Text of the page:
Eventually drivers will get message about cellphones


You can only do so much to make people behave. Ask anyone whose toddler has made his bedroom walls prettier with a red crayon.

And so it goes on the roadways, where the red crayon is a cellphone and the toddler is driving a 4,000-pound SUV that takes 150 feet to come to a stop.

Wah, the toddler screams. I want my phone! I want, I want, I want.

Yeah. Who wants a time out?

It just so happens that Martin has this same complaint.

“I have a concern that regards using cellphones while driving,” he wrote. He noted that the law prohibiting the use of a cellphone while behind the wheel went into effect last year. Still, people talk on their phones all the dang time. Cops, sometimes. One guy he knows, he wrote, has been ticketed six times for the offense.

What gives?

This is exactly like your toddler. When he grows a little older, he will stop leaving the Legos on the floor like tiny landmines ready to detonate the moment you step on them.

And people will, eventually, start paying attention to the cellphone ban.

Why am I so optimistic? Seat belts.

It used to be, lots of cars didn’t even have seat belts in them. Then the government started requiring manufacturers to include them with new cars.

But you still didn’t have to wear them. So most people didn’t.

Eventually, of course, that changed. People resisted. For a long time.

Just 20 years ago, long after Nevada and most other states had made wearing a seat belt mandatory, almost half the people studied still didn’t wear them.

Now? It’s up to 86 percent, according to the National Highway Traffic Safety Administration. It has been more than 90 percent in Nevada since 2005.

That’s good. Traffic deaths have plummeted since seat belt use started rising. That’s no accident.

Will the same thing happen when people eventually stop using their cellphones while driving?

Yes.

And people will stop. They will grumble about the long arm of the law. They will ignore the public-service campaigns. They will secretly think that the law should apply to all those bad drivers out there, but not to them.

And then, the changes will seep in. The ad campaigns will do their job. There will be more people like Martin, the one who lodged this complaint, than there are people who look the other way.

The first step was the law. The next one is public education.

There’s a bill before the State Senate right now that starts that process. Senate Bill 143 has multiple sponsors. It’s got the support of the Department of Motor Vehicles.

The bill would mandate that a question about the cellphone ban be added to the state driver’s license exam. If it passes, every person who takes that exam would theoretically have to know about the law, if they studied up.

That’s not a solution. It’s not a quick fix. But it is a start.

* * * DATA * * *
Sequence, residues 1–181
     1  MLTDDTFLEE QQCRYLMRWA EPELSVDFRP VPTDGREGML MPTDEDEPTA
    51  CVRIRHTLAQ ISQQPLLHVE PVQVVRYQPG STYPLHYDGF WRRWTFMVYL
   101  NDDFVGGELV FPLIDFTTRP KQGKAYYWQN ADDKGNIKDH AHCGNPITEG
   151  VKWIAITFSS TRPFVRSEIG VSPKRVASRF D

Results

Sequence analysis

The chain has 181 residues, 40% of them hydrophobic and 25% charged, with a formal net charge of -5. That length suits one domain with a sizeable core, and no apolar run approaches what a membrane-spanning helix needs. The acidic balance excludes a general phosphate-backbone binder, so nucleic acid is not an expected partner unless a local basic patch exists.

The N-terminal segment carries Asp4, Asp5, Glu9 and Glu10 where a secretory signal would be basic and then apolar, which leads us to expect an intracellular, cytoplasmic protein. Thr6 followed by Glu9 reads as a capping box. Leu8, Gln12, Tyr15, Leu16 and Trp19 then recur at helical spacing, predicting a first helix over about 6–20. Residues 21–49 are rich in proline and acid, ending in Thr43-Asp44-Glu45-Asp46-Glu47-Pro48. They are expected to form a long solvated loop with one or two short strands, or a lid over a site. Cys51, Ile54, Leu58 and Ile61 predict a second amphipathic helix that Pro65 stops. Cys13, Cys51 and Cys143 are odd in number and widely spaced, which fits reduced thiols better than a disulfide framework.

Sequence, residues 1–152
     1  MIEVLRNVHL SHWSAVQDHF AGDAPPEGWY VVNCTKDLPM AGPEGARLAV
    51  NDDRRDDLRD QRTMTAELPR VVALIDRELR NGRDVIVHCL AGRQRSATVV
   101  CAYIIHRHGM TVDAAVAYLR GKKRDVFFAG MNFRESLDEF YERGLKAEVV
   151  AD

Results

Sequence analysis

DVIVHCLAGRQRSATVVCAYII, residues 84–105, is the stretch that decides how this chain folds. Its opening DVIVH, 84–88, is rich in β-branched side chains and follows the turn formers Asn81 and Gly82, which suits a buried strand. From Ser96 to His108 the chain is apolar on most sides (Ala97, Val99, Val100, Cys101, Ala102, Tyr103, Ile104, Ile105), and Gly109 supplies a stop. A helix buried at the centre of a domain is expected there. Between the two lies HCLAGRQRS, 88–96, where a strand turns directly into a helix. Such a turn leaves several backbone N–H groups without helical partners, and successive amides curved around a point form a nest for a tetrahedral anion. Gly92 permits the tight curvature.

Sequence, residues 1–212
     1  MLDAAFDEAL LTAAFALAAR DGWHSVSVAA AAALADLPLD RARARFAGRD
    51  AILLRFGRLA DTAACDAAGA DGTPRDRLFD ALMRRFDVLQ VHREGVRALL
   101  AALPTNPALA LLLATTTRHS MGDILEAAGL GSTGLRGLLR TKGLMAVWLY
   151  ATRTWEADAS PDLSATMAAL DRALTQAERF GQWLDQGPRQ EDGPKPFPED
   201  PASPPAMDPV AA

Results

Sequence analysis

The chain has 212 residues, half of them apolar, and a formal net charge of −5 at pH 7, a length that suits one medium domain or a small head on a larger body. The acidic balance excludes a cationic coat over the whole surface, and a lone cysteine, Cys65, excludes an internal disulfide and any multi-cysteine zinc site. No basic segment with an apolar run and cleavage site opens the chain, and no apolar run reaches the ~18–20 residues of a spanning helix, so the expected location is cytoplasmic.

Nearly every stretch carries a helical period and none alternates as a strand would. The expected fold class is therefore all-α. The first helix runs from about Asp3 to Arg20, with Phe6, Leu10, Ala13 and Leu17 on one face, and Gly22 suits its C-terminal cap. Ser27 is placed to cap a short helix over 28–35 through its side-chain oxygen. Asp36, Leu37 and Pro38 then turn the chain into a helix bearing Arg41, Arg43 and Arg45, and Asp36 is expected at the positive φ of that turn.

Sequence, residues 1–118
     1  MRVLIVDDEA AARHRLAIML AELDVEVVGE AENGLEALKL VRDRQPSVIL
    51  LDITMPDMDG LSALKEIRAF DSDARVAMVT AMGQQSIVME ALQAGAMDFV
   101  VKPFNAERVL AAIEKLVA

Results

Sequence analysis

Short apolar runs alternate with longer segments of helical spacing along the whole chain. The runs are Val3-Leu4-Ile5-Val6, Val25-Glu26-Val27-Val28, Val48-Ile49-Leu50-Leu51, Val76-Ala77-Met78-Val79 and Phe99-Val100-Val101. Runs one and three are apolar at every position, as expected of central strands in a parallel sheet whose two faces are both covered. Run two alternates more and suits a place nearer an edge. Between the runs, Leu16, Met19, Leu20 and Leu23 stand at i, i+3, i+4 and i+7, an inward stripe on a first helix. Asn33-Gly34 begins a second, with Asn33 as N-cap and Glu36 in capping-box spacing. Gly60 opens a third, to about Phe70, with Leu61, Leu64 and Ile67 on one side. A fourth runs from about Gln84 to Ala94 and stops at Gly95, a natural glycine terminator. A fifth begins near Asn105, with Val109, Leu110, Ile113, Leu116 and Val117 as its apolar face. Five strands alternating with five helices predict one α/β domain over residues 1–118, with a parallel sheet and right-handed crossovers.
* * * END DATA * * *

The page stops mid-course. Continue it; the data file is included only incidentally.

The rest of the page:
Next up: Making talking on a cellphone while driving as socially unacceptable as driving without a seat belt has become.

Susan wrote in with this one: “The developer of Mountain’s Edge was to widen Durango in this area but it was postponed during the recession. Is there an update? There are long backups daily and frequent fender benders when approaching the intersection of Durango and Pebble south of Windmill due to the single lane of traffic backing up.”

Good one, Susan. And you’re right. The developer was supposed to widen that road, but the recession hit, and the county let him back out of it.

Now, the $4.8-million project is being funded through the Regional Transportation Commission.

Dan Kulin, a spokesman for Clark County, said Durango Road will get widened between Blue Diamond Road and Windmill Lane soon, though. The design phase is just finishing up. It should go out to bid and construction should begin before the end of the year.

That’s nice and all, but it’s typical of what goes on in this town. We build the neighborhoods before we build the roads. That’s exactly backward of how it should be.

Next time, let’s make the developers build the roads first.

Bob wondered when the freeway folks were going to build an interchange at U.S. Highway 95 and the Las Vegas Beltway in the northern valley.

Not soon, Bob.

While it’s fine and dandy to add a question to the driver’s license test at virtually no cost, or to widen a road that’s already there, it costs bajillions of dollars to build a new freeway interchange. (That’s a math term. Look it up.)

Damon Hodge, a spokesman for the Nevada Department of Transportation, said there isn’t any money available to build the interchange. That’s just the way it is. Those of us who live out that way will have to be patient.

Lastly, for all the folks who send in questions about the flashing yellow turn lights, look at the story above this column. There’s a little explanation that should answer your questions.

Got a transportation question, comment or gripe? Ship it off to roadwarrior@reviewjournal.com. Follow the Road Warrior on Twitter @RJroadwarrior.